Former Juneau chiropractor now accused of sexual assault by 14 patients faces more charges

a Juneau courtroom
A view inside Courtroom C in the Dimond Courthouse in Juneau on March 22, 2023. (Photo by Yvonne Krumrey/KTOO)

Content warning: This article includes mentions of sexual assault and abuse that may be uncomfortable for some readers. Resources are available at the bottom of this post.

Former Juneau-area chiropractor Jeffrey Fultz was arraigned Wednesday after two more women accused him of assaulting them under the guise of medical treatment.

Superior Court Judge Daniel Schally denied requests to keep Fultz in Alaska until the case is decided.

Police arrested Fultz in 2021 on three charges of sexual assault, based on accusations that he had assaulted patients while he was a chiropractor for Southeast Alaska Regional Health Consortium. 

More women came forward after his arrest. By July of 2021, he faced accusations from 12 former patients. Now that number is 14.

Fultz, who has been living in Colorado since 2021, faces 18 felony sexual assault charges and one misdemeanor harassment charge

Accusers want Fultz back in Alaska

At his arraignment yesterday, Schally and Fultz’s attorney, Natasha Norris, said they believe it’s good for Fultz to be in Colorado, away from the women he allegedly assaulted. But three of his accusers disagreed, testifying that they are concerned that Fultz is out on bail and in another state. 

Since 2021, some of Fultz’s accusers have been asking for him to be returned to Alaska.

“It’s about ensuring that not one more woman is harmed,” a woman that the courts are identifying as C.E.L. testified Wednesday. “His knowledge of systems and connections to power and resources has allowed him to continue to abuse women all over the nation.”

Schally said this was the first time he’d heard of any allegations towards Fultz in other places. But at a court hearing on July 12, 2021, then-Assistant District Attorney Jessalyn Gillum said she saw the same pattern.

“The concern that the state has is that the defendant has shown himself to be an individual that goes from Native community to Native community and seems to have a history of allegations such as this arise at multiple placements,” she said at the 2021 hearing.

And according to court documents, Fultz told Juneau police in 2021 that he’d been accused of improper touching at a previous job.

Fultz worked in the Navajo Nation in New Mexico and Arizona from 1999 to 2013. 

New monitoring requirements

At the request of state prosecutor Bailey Woolfstead, Schally did order that Fultz be monitored through the Alaska Pretrial Enforcement Division, which will work with law enforcement in Colorado to make sure he isn’t practicing medicine.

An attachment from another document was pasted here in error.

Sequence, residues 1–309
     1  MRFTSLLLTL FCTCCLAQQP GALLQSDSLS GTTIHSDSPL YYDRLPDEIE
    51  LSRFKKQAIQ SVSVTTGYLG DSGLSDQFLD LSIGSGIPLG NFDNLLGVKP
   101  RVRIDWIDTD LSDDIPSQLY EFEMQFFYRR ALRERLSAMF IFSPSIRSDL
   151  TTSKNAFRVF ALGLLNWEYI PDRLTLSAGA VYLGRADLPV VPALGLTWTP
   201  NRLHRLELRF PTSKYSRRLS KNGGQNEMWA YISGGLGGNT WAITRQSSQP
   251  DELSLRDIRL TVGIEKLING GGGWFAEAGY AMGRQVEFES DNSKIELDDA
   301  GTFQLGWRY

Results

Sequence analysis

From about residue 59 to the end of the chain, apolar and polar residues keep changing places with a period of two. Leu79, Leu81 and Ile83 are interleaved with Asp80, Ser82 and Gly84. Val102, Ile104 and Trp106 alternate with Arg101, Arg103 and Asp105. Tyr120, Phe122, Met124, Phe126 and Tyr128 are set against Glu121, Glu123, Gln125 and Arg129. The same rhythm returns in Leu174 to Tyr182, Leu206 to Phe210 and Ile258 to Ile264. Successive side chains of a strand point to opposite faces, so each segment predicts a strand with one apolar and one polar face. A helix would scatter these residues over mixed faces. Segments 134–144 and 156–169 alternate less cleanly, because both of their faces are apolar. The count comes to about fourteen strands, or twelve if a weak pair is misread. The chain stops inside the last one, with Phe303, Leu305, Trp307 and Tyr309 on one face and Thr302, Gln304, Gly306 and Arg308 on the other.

“We do have a responsibility to the women in any community in which we allow Mr. Fultz to be,” Woolfstead said.

In an interview before the hearing, C.E.L. said she felt like a lack of monitoring in Colorado, along with Fultz’s ability to post $40,000 in bail, had allowed him to skirt consequences.

“He has put up a lot of money, which essentially affords him to continue to do harm without any oversight,” C.E.L. said.

Conditions Schally placed on Fultz in 2021 required that he not practice medicine or contact any of his accusers. He was also told to turn over his passport and continue living at his Durango home.

C.E.L. stressed that it’s against the accusers’ wishes for Fultz to remain in Colorado. She said it’s part of a broader pattern of the legal system not listening to assault survivors, especially Indigenous women.

“There’s so many larger systemic issues that make this whole process really difficult and re-traumatizing,” she said. “Our rates for prosecution are awful. Really, really, really awful.”

Fultz’s next readiness hearing is April 12. Last week, Gillum told KTOO that the number of witnesses in the case and other complicating factors mean that the trial likely will not happen soon.

In early 2021, the Indian Health Services established a hotline for callers to report suspected child abuse or sexual abuse by calling 1-855-SAFE-IHS (855-723-3447) or submitting a complaint online on the website. The hotline may be used to report any type of suspected child abuse within the IHS, or any type of sexual abuse regardless of the age of the victim. The person reporting by phone or online may remain anonymous.

Locally, people can call AWARE in Juneau at 907-586-1090.

KTOO is our partner public media station in Juneau. Alaska Public Media collaborates with partners statewide to cover Alaska news.

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